We marvel at the feats of these Olympians, their strength, speed, agility and composure in the face of crippling pressure. We can’t take our eyes off these London Games.
However, behind the athletic glory are years of pain and suffering. Competition at this level requires sacrifice — early morning workouts, special diets, going light on little luxuries that might distract from the goal of a gold medal. To get this far, life must be restructured for most.
We salute the self-sacrifice of athletes blessed with amazing talent who push themselves to even greater heights. For most, it was a choice they and their families made on their own.
That last part doesn’t exactly describe China, however.
Consider the saga of Wu Minxia, a Chinese diver who won a gold medal last week.
Not long after, Wu, 26, learned some disturbing news about her family. Her grandparents were dead, both having passed away last year. Her mother has cancer.
Wu’s family had shielded her from these grim details lest it distract the Olympian from her athletic quest.
“We never talk about family matters with our daughter,” her father told the Shanghai Morning Post.
“We accepted a long time ago that she doesn’t belong entirely to us,” Wu Yuming told the newspaper. “I don’t even dare to think about things like enjoying family happiness.”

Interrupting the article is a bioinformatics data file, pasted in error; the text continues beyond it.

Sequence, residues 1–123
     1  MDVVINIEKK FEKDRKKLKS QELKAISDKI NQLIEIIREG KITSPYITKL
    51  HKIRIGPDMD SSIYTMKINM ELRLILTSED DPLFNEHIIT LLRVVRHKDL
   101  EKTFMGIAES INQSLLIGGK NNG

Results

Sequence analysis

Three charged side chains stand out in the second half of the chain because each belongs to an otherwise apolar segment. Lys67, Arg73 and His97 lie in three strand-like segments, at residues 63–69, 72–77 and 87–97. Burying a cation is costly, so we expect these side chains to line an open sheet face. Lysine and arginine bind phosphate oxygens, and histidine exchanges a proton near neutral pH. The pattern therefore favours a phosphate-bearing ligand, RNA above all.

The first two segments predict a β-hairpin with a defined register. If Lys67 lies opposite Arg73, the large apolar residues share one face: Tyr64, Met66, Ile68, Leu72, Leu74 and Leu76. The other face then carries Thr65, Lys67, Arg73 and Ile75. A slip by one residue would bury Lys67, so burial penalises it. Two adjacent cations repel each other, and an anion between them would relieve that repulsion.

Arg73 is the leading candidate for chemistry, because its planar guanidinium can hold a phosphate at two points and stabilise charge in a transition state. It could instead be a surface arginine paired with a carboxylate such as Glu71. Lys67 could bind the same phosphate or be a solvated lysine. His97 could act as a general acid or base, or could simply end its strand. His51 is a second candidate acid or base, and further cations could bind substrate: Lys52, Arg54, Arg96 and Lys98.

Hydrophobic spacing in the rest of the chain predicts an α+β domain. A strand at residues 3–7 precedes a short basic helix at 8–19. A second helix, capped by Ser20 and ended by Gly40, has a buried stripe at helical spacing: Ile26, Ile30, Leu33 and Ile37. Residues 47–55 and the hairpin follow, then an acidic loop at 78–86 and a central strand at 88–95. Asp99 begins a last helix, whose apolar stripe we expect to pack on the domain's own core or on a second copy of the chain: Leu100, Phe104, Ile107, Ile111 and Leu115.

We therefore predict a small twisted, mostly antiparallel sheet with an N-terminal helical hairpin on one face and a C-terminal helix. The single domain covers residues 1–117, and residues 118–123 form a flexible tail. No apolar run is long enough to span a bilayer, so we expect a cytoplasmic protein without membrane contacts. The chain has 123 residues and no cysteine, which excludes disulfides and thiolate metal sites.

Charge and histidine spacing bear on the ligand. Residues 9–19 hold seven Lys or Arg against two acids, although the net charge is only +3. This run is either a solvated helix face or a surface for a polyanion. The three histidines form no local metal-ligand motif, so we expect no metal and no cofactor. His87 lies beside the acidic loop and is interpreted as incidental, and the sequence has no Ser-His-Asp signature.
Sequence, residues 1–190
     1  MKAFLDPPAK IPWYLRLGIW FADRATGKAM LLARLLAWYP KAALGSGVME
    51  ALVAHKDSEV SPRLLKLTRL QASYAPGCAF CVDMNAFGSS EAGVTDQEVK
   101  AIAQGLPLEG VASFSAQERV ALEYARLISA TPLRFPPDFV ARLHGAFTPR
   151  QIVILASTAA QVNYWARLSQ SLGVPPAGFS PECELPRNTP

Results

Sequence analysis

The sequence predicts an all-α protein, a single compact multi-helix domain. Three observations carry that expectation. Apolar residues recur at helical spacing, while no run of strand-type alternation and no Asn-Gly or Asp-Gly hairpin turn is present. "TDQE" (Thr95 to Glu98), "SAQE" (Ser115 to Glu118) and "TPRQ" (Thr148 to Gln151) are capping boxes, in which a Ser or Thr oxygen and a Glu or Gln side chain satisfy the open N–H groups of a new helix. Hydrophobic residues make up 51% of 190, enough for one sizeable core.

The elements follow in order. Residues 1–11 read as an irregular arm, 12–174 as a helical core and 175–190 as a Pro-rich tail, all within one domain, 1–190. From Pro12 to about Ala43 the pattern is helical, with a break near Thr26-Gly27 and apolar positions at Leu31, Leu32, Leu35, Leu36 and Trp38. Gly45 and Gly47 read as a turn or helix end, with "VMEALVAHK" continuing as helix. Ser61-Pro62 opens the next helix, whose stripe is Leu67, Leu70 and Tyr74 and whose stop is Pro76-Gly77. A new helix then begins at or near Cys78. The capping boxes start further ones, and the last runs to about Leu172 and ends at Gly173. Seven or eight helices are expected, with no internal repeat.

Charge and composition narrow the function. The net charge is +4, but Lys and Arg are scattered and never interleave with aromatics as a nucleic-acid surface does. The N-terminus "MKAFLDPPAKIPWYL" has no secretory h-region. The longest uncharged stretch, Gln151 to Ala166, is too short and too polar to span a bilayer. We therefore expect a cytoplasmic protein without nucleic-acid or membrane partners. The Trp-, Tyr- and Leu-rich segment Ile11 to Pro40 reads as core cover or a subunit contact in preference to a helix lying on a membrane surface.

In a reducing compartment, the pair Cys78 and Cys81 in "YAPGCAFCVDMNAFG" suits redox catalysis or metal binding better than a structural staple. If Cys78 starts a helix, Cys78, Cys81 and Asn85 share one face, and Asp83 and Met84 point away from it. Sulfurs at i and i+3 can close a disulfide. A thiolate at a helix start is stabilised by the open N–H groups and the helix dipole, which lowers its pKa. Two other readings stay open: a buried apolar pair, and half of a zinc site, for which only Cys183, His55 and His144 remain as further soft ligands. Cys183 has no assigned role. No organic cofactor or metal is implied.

Chinese athletes like Wu Minxia are often identified at a young age by the Chinese government as potential athletic superstars and are separated from their families. Home is a state-sponsored training facility where raw athleticism is honed into top competitors. The results are showing during the 2012 Summer Games as China has a slight medal advantage over the United States.
According to The New York Times, “Many athletes do not see their families for years.” The family of gold medal-winning weightlifter Lin Qingfeng hadn’t seen their son in more than six years.
“It’s been a long time since he’s had a meal at home,” The Times quoted Lin’s mother as saying.
Something is amiss with China’s system. Perhaps some changes are in order. Across the globe, it’s accepted that a home-cooked meal is often just what’s needed, even for elite athletes.